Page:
Harold Ballard’s turbulent Leafs tenure: Jason Priestley digs deep in new film

Close to the top of the brand new documentary about Harold Ballard, a convicted felony who each owned and ruined the Maple Leafs, retired ahead Rick Vaive widens his eyes as he stares off-camera: “He ran it like a g–d—– circus.”

Ballard, who died in April 1990, wrested keep watch over of the franchise — in conjunction with its once-fabled house at 60 Carlton St. — following a sequence of internecine battles. He spewed racism and misogyny during the media, chased megastar avid gamers off the roster and inflicted harm that took many years for the workforce to fix.

With “Offside: The Harold Ballard Story,” Canadian director Jason Priestley, a veteran of each shinny and tv, makes a resounding argument that echoes of the overdue proprietor’s misdeeds can nonetheless be heard in an NHL town that has now not hosted a Stanley Cup parade since 1967. He additionally strives to be informed extra.

“A lot of people had done very brief stories on Ballard, but no one had ever tackled a feature-length documentary on a man whose story we felt was worth a deep dive,” Priestley stated right through a Zoom name with The Athletic on Wednesday. “The guy was such a larger-than-life character and was, in so many facets of his life, such a walking contradiction.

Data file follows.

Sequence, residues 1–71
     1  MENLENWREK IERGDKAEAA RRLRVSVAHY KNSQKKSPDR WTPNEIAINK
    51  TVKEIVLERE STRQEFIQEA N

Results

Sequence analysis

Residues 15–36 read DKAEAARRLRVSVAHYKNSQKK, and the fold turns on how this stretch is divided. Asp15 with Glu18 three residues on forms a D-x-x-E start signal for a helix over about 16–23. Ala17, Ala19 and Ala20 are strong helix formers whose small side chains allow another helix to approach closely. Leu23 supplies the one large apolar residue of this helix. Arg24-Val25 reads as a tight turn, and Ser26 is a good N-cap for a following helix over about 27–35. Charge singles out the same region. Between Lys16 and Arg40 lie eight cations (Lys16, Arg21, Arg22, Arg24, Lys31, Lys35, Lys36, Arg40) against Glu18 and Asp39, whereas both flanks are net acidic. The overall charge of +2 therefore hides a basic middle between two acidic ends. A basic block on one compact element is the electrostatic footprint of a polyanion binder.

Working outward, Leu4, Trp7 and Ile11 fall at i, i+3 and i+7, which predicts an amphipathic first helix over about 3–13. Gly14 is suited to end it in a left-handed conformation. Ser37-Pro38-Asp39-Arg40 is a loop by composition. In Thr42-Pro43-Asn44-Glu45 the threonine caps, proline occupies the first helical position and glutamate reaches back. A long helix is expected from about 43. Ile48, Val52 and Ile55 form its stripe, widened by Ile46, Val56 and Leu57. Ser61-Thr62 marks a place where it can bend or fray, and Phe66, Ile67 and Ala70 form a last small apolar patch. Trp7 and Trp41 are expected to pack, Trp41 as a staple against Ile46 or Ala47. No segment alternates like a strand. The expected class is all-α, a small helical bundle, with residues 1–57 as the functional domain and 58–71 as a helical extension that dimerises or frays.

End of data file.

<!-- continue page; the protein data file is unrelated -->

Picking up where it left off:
“He would say one thing and do something entirely different.”

The result’s an 87-minute exploration during the lens of archival video, audio and contemporary interviews with former avid gamers, executives and reporters who lined Ballard’s two-decade reign of error. The movie is about to debut on the Whistler Movie Pageant on Dec. 3 — it’s going to flow for a restricted time beginning Dec. 16 — and can debut on CBC/CBC Gem in January.

Outdated tales, some virtually too peculiar to consider, are resurfaced for the advantage of more youthful audience who don’t have residing reminiscence of Ballard’s tenure. He pulled a portrait of Queen Elizabeth II from the higher reaches of Maple Leaf Gardens to make room for extra seats, and thus extra income.

He resisted the NHL’s directive to incorporate names at the again of participant jerseys as a result of he believed it could have an effect on the gross sales of sport techniques within the area. (If enthusiasts may just evidently see the names at the again, he reasoned, they wouldn’t desire a checklist of names and corresponding numbers.)

When he relented, he simplest met the league phase approach to start with: Ensuring the names gave the impression at the participant’s again in the similar color because the jersey they have been dressed in, rendering them unreadable.